Acoustic Sounds

Ornette Coleman

Round Trip: Ornette Coleman On Blue Note



Ornette Coleman 'Round Trip: Ornette Coleman On Blue Note'

Label: Blue Note

Produced By: Francis Wolff and Alfred Lion (original recordings), Joe Harley (reissue)

Engineered By: Rune Andreasson, Rudy Van Gelder, Dave Sanders

Mastered By: Kevin Gray at Cohearent Audio

By: Malachi Lui

October 5th, 2023



Ornette Coleman’s Divisive Blue Note Era

Tone Poet series box set ‘Round Trip: Ornette Coleman On Blue Note’ is a first-class document

Binging Ornette Coleman’s discography, from his early Contemporary recordings to his historic Atlantic period then the Blue Note releases and beyond, is a truly enriching experience. One hears how his sound developed over his first decade of recordings, how certain musicians fit in his groups, how he started exploring other instruments beside his usual alto sax. Last year, Blue Note’s Tone Poet series released Round Trip, a 6LP box set containing his mid-late 1960s Blue Note recordings, cut from the master tapes by Kevin Gray. Perhaps it scared some traditionalist jazz audiophiles, because I got my copy from PopMarket (one of Alliance Distribution’s direct-to-consumer branches) for $115, half of the $230 list price (that sale is over, but there are still good deals on this). Since I’ve recently spent considerable time with Ornette’s discography, Michael Fremer asked me to review the set.

In August, I wrote about Genesis Of Genius, Craft Recordings’ box set of Ornette’s first two albums for Contemporary Records. Between those records and Cecil Taylor’s one Contemporary LP, it seems as if the label’s founder and producer Lester Koenig wanted to support avant-garde musicians, but not the ideas that made them special. Ornette’s Something Else!!!! and Tomorrow Is The Question! sound very stilted and, contradictory to his musical philosophy, the former even pairs him with a pianist.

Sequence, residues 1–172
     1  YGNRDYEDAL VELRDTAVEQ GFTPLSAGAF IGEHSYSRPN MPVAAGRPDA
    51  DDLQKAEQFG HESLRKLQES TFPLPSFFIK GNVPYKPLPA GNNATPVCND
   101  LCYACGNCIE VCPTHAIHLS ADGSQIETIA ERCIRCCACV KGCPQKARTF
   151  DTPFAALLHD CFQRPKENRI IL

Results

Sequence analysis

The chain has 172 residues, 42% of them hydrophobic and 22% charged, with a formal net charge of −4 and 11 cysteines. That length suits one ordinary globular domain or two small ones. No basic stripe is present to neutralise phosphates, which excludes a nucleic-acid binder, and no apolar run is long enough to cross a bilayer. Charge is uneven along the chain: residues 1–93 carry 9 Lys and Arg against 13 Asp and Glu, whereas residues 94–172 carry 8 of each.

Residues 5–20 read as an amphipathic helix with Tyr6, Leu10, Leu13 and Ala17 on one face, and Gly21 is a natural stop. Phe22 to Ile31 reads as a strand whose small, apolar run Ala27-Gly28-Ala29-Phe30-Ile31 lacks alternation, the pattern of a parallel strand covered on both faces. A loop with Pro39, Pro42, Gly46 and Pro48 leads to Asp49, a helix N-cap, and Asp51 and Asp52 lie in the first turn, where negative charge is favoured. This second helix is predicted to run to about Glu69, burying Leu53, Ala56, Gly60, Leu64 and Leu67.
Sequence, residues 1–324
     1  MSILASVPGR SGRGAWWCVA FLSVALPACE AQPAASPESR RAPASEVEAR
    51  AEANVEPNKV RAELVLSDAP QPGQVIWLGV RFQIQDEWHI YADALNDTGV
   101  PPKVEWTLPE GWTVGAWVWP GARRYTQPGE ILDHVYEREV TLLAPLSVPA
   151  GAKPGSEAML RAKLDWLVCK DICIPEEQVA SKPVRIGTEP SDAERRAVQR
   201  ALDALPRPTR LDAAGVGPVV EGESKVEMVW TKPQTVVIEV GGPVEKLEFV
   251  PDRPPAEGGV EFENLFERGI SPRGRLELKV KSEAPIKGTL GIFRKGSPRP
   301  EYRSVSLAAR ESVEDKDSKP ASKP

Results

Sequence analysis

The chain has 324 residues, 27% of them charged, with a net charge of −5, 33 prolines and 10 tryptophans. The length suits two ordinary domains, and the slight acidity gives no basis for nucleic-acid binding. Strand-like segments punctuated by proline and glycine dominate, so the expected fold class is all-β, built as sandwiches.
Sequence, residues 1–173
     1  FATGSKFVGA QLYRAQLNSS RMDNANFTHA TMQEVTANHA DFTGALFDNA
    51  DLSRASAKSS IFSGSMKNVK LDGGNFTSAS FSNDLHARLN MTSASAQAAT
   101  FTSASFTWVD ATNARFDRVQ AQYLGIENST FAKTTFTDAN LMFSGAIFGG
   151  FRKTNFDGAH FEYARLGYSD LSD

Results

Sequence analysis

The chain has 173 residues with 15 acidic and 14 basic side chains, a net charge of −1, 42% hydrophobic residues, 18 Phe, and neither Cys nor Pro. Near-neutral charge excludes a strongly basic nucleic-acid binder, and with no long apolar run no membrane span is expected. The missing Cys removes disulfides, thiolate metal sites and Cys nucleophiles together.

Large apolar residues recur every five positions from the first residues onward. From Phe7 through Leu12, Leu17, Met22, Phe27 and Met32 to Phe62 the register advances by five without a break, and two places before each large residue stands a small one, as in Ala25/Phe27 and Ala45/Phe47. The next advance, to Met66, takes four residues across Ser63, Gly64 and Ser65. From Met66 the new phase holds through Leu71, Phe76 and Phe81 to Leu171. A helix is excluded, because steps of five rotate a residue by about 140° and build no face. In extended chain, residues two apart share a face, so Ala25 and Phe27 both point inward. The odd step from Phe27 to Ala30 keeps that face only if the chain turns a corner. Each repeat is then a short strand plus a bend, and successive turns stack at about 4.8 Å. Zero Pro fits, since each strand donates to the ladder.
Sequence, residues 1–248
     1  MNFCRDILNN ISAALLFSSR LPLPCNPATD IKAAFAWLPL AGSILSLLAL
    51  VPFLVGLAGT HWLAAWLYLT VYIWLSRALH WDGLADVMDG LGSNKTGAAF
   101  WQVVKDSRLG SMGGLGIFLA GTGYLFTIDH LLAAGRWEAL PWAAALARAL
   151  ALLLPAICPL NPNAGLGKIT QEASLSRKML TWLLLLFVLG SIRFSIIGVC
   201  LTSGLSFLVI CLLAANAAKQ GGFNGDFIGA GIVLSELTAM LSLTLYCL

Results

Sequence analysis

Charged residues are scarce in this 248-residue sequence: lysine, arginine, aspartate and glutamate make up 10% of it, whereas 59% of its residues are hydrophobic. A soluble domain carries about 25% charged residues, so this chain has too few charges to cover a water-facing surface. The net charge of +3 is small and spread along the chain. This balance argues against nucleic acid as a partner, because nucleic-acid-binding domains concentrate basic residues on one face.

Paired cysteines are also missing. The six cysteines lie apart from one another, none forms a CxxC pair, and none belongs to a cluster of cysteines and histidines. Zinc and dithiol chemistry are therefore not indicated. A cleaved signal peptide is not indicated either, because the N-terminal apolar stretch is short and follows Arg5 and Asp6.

He then signed to Atlantic, and from 1959 to 1961 recorded his most renowned work. His usual quartet setting had himself and trumpeter Don Cherry at the front, with either Billy Higgins or Ed Blackwell on drums and Charlie Haden, Scott LaFaro, or Jimmy Garrison on bass. The Atlantic era has undeniable gems—The Shape Of Jazz To Come, This Is Our Music, and Free Jazz especially—and some comparative duds. Ornette On Tenor, the last of the six core Atlantic LPs, is merely okay, and of the outtakes released on later LPs (The Art Of The Improvisers, Twins, To Whom Keeps A Record), there’s only about one record worth of good material amidst obvious scraps. Those extra bits occasionally offer a fascinating look at how he developed certain ideas (anyone who likes Free Jazz should hear “First Take” from Twins), but it’s mostly for completists.